#GOOGLECLOUDJOURNEY: Six Fascinating Wishes for Choosing Employers
Part 4 – Processes and organization
NOTE: If you wandered into this blog series for the first time, I recommend first reading my first post that elaborates on the whole series here
For a knowledge worker, the brain is the single most important organ in the human body, so in a well-functioning organization, its optimal ability must be maintained. One way to achieve this competitive advantage is to make processes, ways of working, and work tools as functional as possible. Even though the process and organization category was the second least prominent of the six categories in the minds of experts in the IT field in my analysis, it is still an important topic to discuss.
I know I risked losing most of my readers when I mentioned the word process. I’ll make the situation even worse with a definition. Wikipedia defines the word as follows: “A process is a series of actions to be performed that produces a defined end result”. The first thing that comes to mind is that aren’t algorithms to some extent part of the definition of a process, in which case processes should be a matter of the heart for a software developer.
However, it has been proven that this is not always the case, so the topic requires clarification. The important difference here is probably between software and relationships between people. Processes and algorithms are therefore needed in well-functioning software, but interaction cannot always be reduced to the sum of its parts. Of course, machine learning algorithms are also working in this field (too), which have come quite far in the subject, but the HR department cannot be replaced with a software robot at least yet.
Processes in the right place
Processes must therefore be found in the right place in the organization. In general, employees appreciate when things work, so easy forms and timely surveys are working processes. When you pour your morning coffee not only on your lap but also on the computer and you need to quickly get a new one, it’s lucky if this happens with a pleasant form found in an intuitive place. Also, if you didn’t have to wait four days for your supervisor’s approval via e-mail to fill out the form, this sounds like an effective process!
Processes in the wrong place
What about the wrong kind of processes we talked about? They can likely be found where the matter would be more easily handled with normal interaction skills and the ability to take others’ emotional states into account. From where the process has been forced into place for the joy of creating the process instead of interaction.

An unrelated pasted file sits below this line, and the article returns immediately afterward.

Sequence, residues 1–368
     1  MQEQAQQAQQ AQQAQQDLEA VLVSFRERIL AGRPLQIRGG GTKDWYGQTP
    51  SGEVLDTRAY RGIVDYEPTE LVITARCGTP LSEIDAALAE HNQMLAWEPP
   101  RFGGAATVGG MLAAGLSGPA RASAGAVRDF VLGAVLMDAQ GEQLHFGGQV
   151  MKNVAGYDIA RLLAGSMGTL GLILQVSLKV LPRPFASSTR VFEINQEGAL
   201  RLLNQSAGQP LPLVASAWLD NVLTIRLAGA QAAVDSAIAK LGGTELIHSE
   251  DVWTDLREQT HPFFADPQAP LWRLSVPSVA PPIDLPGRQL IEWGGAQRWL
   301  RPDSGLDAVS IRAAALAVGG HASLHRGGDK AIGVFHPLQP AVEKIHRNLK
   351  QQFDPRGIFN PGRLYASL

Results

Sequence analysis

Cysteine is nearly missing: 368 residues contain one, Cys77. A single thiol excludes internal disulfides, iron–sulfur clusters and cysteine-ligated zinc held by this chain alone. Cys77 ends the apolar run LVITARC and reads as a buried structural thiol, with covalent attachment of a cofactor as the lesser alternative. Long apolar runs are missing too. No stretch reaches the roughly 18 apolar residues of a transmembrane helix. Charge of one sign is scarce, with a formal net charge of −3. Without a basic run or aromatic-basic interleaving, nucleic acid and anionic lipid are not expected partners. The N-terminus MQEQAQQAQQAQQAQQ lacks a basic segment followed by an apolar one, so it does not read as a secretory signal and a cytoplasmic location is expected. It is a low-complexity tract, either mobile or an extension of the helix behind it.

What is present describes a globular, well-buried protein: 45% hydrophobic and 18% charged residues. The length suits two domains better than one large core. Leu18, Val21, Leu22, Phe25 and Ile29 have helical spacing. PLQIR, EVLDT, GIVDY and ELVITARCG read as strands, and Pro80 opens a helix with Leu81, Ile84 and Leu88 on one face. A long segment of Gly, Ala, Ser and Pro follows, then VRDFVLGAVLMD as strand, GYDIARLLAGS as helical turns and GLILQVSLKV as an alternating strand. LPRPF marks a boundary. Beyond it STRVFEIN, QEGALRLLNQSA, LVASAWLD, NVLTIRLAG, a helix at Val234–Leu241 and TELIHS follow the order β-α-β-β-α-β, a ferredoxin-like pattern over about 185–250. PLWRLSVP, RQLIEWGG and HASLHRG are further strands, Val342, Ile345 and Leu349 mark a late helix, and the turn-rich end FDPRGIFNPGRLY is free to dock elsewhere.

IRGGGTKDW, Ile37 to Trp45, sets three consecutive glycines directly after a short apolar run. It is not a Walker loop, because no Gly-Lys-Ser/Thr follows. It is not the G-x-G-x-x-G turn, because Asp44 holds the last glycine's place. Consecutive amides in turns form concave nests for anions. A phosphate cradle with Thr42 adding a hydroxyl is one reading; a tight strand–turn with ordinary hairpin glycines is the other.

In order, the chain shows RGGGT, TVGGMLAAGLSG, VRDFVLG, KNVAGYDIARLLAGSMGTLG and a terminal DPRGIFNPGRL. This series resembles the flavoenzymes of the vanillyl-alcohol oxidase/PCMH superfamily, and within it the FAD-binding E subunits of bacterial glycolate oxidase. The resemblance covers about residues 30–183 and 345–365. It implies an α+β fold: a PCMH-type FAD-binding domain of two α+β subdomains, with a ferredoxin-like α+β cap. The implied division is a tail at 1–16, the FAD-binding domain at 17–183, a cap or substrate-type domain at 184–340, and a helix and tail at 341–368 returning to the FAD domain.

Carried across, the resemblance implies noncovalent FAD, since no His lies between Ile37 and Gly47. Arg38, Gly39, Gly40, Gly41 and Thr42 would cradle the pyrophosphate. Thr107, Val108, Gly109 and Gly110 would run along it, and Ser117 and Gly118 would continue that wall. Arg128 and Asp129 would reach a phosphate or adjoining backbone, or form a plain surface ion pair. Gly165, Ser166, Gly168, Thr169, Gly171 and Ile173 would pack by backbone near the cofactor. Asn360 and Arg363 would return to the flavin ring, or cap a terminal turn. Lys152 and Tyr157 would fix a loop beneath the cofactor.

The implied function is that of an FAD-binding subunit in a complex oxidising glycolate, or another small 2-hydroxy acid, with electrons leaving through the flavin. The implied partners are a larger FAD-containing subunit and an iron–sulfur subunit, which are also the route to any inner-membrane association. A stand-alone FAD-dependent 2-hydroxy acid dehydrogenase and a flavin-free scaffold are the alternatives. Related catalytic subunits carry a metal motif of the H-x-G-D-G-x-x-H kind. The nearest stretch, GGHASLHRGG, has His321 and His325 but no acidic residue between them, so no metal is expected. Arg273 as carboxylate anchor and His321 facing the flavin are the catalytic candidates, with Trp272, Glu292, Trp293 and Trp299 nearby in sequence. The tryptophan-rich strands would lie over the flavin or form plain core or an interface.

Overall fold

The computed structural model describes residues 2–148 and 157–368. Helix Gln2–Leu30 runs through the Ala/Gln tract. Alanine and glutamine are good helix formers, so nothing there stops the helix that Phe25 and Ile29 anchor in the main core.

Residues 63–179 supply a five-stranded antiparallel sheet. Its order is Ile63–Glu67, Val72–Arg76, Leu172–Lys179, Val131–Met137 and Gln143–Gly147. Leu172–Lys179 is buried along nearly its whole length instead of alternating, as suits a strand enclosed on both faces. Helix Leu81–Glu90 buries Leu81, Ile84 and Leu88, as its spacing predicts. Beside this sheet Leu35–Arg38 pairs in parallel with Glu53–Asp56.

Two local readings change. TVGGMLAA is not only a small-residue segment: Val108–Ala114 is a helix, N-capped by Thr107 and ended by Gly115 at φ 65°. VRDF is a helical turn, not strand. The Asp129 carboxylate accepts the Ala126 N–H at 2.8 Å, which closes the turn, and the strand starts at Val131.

For example, if an employee’s motivation and emotional state are measured with a multi-phase survey, we may have gone a little too far, if the same thing could be done in a more nuanced way by means of a short conversation. There is of course a place for a personnel survey, but not everything has to be in a numerically measurable form, but qualitative and informal discussions often lead to a better result. In organizing these, some kind of process is again good, so that the discussions will definitely be held!
Processes and ways of working as a hygiene factor?
In one of my previous posts, I wrote that, in my view, salary is in several cases a so-called hygiene factor, where lack of it evokes a negative emotional state/image, but at an appropriate level it does not evoke particularly positive emotions. The functioning of processes in the organization falls into this same pattern of thought, which certainly explains why it also came up relatively little as a category.
If something is not working in the organization, it is often noticed by the employees very quickly. If, on the other hand, things go smoothly and as promised or assumed, the days go on normally without any praise for the organization.
Processes can make an organization’s operations efficient and enjoyable at best. When they are found in the wrong place, they are irritating when, for example, the much-needed human dimension of working life is not realized in places where it could be realized. In management work, it is therefore good to understand this relationship, and no matter how much one would like to make everything efficient, as if computer-like automated, one should not forget the beauty of wandering and aimlessness.
About the author:
Perttu Pakkanen is the Talent Acquisition Lead at Codento. Perttu is eager in making sure that people joining Codento will fit with the values of Codento and enjoy the ride with us. Perttu’s passion is to understand what drives people in their career decisions.
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